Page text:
A month ago I wrote a post on First Day Lessons. Many — more than two — of you expressed interest in the lesson “Patterns Poster” for Algebra 1.

I would never redo a lesson if I didn’t think it was worthwhile, and I think this is the 7th year that I do this same lesson to start off algebra. So, if you’re still interested, this is the lesson in detail.

**Why I love this lesson**

- It’s not tied to a specific unit/concept in the algebra curriculum, so you can do it whenever.
- It’s visual.
- Entry points are low — kids can draw the next step and the next. They can count the number of items in each step. They can see how the pattern is growing.
- I suck at bulletin boards, so I decorate my classroom with students’ work. (By December, we’re looking up at the ceiling to see if we could showcase stuff up there.) These posters decorate the room quite nicely, and Back-to-School Night is just around the corner.
- Kids are coming up with the equations themselves — this is powerful stuff!
- Kids are talking with each other about their thinking.

**First hour**

- I put this pattern up on the screen:
- I ask students to sketch the 4th step in their math journal (quadrille-ruled composition notebook).
- I ask them to sketch the 13th step.
- I call on students to come up and share what they drew for steps 4 and 13.
- We complete this T-chart together.
- I ask them to write an equation for step
*n*. - I give each student this patterns_poster. They notice that they just did all the steps with me, and now they get to go through the steps again with a different pattern. We go over both sides of the paper, including the rubric.
- I put the patterns (faced down) into a container and walk around the room asking kids to reach in and take one. There are 12 different patterns (patterns_poster_patterns_A_thru_I and patterns_poster_patterns_J_K_L). I have 34 kids, so about 3 kids have the same pattern. [07/05/14: Since this post, I’ve started visualpatterns.org where there are
~~well over 100~~180 patterns available.] - They begin working.

**Second hour**

- They immediately get back to work.
- I interrupt them and say, “When I call out the pattern, raise your hand if you have that pattern, and I want you to look around the room to see who else has your same pattern because you’ll be helping each other after you work on it by yourself. Ready? Okay, raise your hand if you have pattern A…”
- I add, “So when you think you have the equation, or when you are struggling with the pattern, I’m NOT the first one you come to. I’m gonna sit at my desk and paint my nails. You need to seek each other out first for help. Got that? Good!”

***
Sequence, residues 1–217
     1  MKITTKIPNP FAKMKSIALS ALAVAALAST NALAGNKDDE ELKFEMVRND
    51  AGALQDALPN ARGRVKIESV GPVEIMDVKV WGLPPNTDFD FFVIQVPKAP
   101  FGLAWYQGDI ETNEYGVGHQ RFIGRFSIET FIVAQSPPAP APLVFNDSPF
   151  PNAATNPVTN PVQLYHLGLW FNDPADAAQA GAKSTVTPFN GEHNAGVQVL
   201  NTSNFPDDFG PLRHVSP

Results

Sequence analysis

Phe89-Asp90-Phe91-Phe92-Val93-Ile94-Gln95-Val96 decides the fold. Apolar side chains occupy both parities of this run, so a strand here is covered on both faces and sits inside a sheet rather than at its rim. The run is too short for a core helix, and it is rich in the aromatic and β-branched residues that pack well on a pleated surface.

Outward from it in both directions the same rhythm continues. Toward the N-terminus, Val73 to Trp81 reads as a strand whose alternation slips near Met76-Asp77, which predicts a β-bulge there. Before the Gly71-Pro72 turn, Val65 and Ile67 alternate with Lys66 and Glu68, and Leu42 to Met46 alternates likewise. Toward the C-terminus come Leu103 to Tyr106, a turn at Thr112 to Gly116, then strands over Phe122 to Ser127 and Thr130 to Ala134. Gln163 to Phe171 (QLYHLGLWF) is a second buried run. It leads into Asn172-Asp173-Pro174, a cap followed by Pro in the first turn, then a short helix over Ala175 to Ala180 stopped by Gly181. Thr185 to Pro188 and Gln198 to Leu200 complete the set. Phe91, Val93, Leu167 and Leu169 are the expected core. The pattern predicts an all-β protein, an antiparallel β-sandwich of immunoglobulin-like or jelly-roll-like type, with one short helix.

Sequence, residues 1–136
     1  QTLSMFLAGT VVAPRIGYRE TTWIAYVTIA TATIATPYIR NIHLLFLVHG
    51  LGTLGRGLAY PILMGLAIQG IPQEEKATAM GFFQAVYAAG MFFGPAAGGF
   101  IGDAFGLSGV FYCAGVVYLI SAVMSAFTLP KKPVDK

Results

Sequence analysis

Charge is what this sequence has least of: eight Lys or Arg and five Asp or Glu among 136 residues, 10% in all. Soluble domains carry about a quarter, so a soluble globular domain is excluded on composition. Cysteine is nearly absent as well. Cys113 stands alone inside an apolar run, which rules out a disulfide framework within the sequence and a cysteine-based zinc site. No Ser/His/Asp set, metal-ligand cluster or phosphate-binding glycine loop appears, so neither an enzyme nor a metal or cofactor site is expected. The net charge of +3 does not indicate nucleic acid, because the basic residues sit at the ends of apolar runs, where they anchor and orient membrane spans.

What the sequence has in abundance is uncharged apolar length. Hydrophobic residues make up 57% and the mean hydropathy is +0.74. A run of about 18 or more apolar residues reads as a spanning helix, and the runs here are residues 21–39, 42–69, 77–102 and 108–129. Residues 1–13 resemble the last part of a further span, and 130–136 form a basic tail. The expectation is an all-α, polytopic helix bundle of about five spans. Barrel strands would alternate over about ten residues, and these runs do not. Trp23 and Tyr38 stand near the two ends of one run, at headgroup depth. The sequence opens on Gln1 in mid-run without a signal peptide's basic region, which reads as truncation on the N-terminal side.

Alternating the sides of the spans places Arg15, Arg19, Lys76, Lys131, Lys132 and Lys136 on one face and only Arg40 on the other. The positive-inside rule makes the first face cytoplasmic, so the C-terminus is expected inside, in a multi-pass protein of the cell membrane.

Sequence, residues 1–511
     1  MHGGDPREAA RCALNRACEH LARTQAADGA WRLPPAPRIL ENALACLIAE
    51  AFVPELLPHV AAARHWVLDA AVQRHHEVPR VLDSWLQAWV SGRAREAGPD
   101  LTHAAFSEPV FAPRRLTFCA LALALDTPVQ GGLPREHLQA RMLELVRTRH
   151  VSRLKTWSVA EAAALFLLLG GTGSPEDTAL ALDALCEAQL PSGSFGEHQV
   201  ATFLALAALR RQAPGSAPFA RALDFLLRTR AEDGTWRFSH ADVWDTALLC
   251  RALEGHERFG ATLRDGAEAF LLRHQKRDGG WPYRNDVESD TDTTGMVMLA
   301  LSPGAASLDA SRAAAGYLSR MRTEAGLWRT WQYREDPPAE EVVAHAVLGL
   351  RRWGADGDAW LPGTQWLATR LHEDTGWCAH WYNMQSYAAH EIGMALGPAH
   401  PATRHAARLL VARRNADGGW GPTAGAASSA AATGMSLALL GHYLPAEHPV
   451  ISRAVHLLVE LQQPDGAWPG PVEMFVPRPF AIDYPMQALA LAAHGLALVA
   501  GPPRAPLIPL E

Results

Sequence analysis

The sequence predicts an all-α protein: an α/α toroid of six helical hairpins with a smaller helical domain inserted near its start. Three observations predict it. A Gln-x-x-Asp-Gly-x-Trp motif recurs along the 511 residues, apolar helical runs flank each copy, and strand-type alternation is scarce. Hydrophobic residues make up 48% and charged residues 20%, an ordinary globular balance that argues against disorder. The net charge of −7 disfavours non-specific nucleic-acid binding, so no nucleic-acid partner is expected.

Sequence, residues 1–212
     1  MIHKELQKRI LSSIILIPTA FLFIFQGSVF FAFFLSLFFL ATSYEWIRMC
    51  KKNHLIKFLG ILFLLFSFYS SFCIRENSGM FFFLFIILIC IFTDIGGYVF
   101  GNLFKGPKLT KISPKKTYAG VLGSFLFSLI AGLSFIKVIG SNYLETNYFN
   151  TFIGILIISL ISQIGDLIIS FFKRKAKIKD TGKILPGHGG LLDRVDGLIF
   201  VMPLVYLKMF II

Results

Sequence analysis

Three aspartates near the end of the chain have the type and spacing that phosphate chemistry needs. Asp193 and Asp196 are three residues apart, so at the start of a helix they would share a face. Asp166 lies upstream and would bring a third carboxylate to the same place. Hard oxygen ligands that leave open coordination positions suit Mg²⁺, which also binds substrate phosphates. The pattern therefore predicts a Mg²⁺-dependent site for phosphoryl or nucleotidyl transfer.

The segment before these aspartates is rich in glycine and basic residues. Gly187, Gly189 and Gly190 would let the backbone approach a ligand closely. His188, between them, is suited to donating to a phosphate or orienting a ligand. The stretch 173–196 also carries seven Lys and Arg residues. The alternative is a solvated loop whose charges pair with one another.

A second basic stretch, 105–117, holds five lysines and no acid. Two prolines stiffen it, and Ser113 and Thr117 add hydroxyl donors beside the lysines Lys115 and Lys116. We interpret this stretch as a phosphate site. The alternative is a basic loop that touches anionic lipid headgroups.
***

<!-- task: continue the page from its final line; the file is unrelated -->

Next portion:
- … OMG, I swear this lesson gets better and better each year. All 34 kids are working quietly on their patterns. Erica furrows her eyebrows, thinking hard. Janie kicks her backpack. Mike is talking to himself about how he sees the pattern growing. Doug is… WHAT?!! Doug is not misbehaving?! (I haven’t taught Doug before but his reputation precedes him.) He is completely into the pattern, carefully sketching the next steps.
- The talk among them begins. They scoot their chairs closer. They find each other and form small groups. A few hands go up. I respond, “Do you need help? Have you talked with your pattern-mate yet?” The hands come back down. One student, “I haven’t yet. But I just want to clarify something.”

I’m now working with Chris. He has this pattern:

His sketch of the 13th step looks like this:

At the bottom of his paper, I see he has this expression for the pattern:

Our conversation goes something like this:

Me: Okay. Show me why the “plus 4” in the expression?

Chris: Hmmmm. The equation works.

M: I didn’t say it wouldn’t work. I just want to see where “plus 4” is in your sketch. Let’s take a look at your sketch for step 13 here. How did you get “4n + 4” from the drawing?

C: ……

M: You’re right! Your expression works. That’s good, Chris! But your sketch doesn’t match up with it… Think about what I mean by that, I’ll be back.

About five minutes later, I return to Chris’s desk, “How are you doing?” He says, “The ‘plus 4’ is the 4 corners.” Yes!!!! So as I talk with him, he realizes that these two sketches jive more with “4n + 4,” and he’s able to verbalize that whatever step number you’re on, there’ll be four groups of it around the square, and the “plus 4” is for the 4 corners.

We go back to his original sketch of step 13 and come up with a general sketch.

And he is able to write an expression that would represent these sketches better:

Then I ask, “Well, are these two expressions the same?” Chris looks at me like I need a refresher course on how to distribute.

Three kids have been patiently waiting for me to help them with this pattern below. One says, “We are really struggling, Mrs. Nguyen. I know you want us to struggle and all, but how much longer?” I laugh. I start helping them look at the pattern as sets of triangles, or they can start by focusing on the horizontal toothpicks only, then look at the ones that slope upward, downward, or maybe just the toothpicks along the perimeter… I say to them, “You have a tougher pattern here! Aren’t you lucky!”

They do not get the poster paper until I approve the work on the paper. I show them a few examples from previous years. (I’ve tweaked this assignment a little, so the requirements are not always the same from year to year. I wish I left in the rubric a written explanation of how they see the pattern like you see in the paragraphs on these posters.)

They’ll get one more class period to work on this for a total of three. I don’t believe in giving kids math class time to color and make things look pretty. (Large posters of tessellations make me cringe.) I just want what’s on the rubric, but for whatever reason the girls tend to spend more time — at home — making theirs very colorful.

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